NILES - In light of recent tragedies, a local agency is focusing on the mental health of first responders, people who must remain calm and take action in life-or-death situations.
April Caraway, executive director for the Trumbull County Mental Health and Recovery Board, is leading an effort to train teams of public safety officials like nurses, police, firefighters and EMS so they may offer stress debriefings to peers with the help of mental health professionals.
"For decades, there has really been no concern for the mental health of public safety providers," said John L. Popadak, president / chief paramedic for ACTION Ambulance. "Public safety is a very closed group of people. Police officers talk to police officers, firefighters talk to firefighters, EMS talk to EMS. It's a brotherhood, a sisterhood. (They) all have their own circles," he said.
Tribune Chronicle photos / Bonnie L. Hazen
Jeffrey T. Mitchell, Ph.D., C.T.S., speaks Friday during the Crisis Management and De-escalation Team Training session Friday at the Trumbull County Educational Service Center in Niles.
"Peers are more likely to take the help from peers rather than mental health professionals. So we want to do it together," Caraway said.
The second part of a two-day session was held Friday at the Trumbull County Educational Service Center in Niles. About 35 volunteers from communities like Warren, Niles, Cortland, McDonald, Johnston, Leavittsburg and Canfield, took part in the event funded by the Trumbull County Mental Health and Recovery Board.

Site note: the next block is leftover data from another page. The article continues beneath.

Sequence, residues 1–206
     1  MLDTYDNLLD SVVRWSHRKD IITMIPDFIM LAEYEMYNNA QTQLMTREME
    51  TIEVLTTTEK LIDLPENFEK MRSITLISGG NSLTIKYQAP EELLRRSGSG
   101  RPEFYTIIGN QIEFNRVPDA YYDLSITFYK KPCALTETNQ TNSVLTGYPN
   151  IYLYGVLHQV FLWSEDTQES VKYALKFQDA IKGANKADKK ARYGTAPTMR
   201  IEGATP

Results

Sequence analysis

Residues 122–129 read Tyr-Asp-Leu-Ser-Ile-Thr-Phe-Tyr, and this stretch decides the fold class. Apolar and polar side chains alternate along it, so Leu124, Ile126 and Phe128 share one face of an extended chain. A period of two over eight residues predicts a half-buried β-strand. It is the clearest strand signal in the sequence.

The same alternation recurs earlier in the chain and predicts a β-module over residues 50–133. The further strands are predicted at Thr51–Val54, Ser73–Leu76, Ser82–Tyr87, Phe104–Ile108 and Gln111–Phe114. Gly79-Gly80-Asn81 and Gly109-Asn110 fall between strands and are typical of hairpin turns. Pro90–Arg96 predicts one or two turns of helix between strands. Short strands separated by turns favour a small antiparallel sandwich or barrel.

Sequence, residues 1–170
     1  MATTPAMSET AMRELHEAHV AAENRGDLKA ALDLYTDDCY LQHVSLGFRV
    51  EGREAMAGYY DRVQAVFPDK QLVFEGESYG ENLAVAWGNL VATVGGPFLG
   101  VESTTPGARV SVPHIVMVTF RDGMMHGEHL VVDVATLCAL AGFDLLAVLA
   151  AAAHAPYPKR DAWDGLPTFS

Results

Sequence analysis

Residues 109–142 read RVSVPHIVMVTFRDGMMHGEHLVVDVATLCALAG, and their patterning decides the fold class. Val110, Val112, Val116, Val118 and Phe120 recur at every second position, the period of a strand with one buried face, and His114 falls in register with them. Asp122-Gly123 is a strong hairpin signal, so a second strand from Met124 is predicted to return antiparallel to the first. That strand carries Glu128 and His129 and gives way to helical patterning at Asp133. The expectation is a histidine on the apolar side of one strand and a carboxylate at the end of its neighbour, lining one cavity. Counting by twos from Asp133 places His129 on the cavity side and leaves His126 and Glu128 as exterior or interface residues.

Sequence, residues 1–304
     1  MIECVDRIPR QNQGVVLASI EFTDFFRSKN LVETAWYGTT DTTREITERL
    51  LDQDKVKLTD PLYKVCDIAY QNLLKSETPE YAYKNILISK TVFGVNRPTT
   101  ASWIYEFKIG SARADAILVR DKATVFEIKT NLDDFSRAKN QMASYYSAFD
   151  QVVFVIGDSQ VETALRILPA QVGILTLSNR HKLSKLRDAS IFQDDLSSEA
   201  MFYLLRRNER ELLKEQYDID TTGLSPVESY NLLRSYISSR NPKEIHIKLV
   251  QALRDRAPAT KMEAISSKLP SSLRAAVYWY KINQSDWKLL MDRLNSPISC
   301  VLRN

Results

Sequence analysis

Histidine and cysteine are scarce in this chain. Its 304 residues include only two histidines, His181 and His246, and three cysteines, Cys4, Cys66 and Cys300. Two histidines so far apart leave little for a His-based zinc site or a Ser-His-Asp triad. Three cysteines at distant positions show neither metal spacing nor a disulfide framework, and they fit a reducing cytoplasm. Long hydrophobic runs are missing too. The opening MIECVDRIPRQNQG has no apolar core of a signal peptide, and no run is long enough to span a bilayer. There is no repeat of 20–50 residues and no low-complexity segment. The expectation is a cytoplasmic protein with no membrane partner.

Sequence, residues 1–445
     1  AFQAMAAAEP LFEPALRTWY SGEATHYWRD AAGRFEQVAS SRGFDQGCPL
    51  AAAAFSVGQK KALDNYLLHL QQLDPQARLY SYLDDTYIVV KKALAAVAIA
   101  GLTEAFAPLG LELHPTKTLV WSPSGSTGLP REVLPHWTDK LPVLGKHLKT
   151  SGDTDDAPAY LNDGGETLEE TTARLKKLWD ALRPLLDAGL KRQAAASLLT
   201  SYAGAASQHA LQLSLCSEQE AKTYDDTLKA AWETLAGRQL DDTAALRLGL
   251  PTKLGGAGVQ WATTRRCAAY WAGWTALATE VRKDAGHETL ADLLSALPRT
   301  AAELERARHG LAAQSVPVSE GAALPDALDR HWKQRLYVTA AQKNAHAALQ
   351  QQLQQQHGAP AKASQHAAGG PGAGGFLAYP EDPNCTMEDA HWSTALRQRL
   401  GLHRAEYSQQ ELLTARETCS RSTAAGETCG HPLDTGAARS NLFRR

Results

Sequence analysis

Caraway said after the training is concluded, teams will be able to offer services to area public safety providers.
Police officers are trained to shoot, firefighters are trained to battle flames and EMS are trained to heal people, but none of that training prepares them mentally for how to deal with what they have seen afterwards, said Popadak, who has worked as an EMS for 39 years, a sheriff's deputy for 10 years and a firefighter for 11 years.
"Basically, we're never taught to deal with those emotions for everything we see. We just push them down and push them down ... sometimes they come bubbling back up. In EMS, we call it paramedic burnout," he said.